Sunday, August 6, 2017

The Journal Editor's Perspective - Library Collections, Acquisitions, and Technical Services

Guest post by Rebecca Donlan, Florida Gulf Coast University Library

As an editor of two rather different journals (one more theoretical, the other more practice-oriented), I have always been happy to work with authors who have something interesting to add to the scholarly conversation.  In my nine years as an editor-in-chief, I have received only two papers that needed little, if any, editing. (I ended up drafting the author of one of those papers to be my co-editor.)   I have also received plenty of papers that were completely out of a journal’s scope, or so tortuously written that I could make little sense of them.  The truth is that most papers need some work.  Librarians, as readers and researchers, have the foundation required for successful authorship.  I always find myself coming back to Ranganathan’s Five Laws of Library Science. 
Books are for useRead current issues of the journal to which you plan to submit your manuscripts so you know the topics currently under discussion.  You certainly aren’t limited to them, but be sure you do not submit a manuscript that is completely out of the journal’s scope, or has already been covered in depth.  Get a feel for the average length of an article. 
Every reader his (or her) bookConduct a thorough and broad literature search.  Even a practice-based article needs grounding in the literature.  Maintain the citation list as you go, in the format required by your journal.  Using citation management software like EndNote or RefWorks makes it easy to change styles, in case you are not yet sure where you’ll submit. 
Every book its readerOnce you have completed the literature review and identified the gaps your work will address, it’s fine to send off a query to an editor to find out if they are interested in your work.   The editor may have more ideas for you to consider, or know others in the field you might want to talk to about your work.As you write your first draft, write to be understood.  I would far rather read a conversational first draft than wade through a tortured attempt at a formal tone.  If you have experienced colleagues, ask them to read your draft and listen to their feedback.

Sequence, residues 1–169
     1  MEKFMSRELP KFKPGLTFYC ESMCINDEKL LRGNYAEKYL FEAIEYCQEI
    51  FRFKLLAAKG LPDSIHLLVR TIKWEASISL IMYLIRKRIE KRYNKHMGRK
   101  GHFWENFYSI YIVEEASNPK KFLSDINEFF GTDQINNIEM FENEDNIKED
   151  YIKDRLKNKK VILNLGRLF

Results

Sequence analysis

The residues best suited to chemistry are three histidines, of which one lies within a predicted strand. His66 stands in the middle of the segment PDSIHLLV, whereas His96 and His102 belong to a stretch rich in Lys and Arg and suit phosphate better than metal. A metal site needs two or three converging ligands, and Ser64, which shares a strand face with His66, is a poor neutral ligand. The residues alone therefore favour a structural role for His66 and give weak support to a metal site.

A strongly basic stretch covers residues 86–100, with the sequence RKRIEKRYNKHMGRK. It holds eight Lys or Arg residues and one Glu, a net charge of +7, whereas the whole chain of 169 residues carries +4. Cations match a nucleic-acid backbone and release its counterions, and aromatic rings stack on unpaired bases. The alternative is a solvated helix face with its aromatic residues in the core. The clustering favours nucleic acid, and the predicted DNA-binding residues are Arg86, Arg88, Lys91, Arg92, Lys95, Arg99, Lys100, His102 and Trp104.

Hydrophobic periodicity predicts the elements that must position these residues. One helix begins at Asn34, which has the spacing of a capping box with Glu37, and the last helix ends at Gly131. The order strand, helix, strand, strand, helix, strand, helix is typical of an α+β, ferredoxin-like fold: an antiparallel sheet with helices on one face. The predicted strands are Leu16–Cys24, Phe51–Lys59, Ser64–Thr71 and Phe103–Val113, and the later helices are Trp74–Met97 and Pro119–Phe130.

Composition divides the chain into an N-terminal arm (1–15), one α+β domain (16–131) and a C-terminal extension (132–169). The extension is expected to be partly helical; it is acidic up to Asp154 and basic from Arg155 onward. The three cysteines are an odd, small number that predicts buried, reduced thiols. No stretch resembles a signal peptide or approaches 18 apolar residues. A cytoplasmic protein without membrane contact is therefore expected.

Save the time of the readerRead the guidelines for authors before you contact the editor or submit your paper.  Editors are not favorably impressed by questions that didn’t need to be asked because the instructions were online.  Follow all the formatting guidelines--use the requested type font, size, and line spacing indicated (usually Times New Roman 12-point, double-spaced).   Submit illustrations, tables, and appendices as instructed.  If you don’t understand a requirement, ask the editor; we’d rather explain than re-format. 
The library is a growing organism
Writing is hard.  Getting that first draft out there can be daunting, but if you are willing to do the work and take constructive criticism, you will be a published author.   Editors do what they do because they want to add to the literature of our profession, and most of us will bend over backwards to help authors with something to say.   The thrill of seeing your first article in print is worth all the work!

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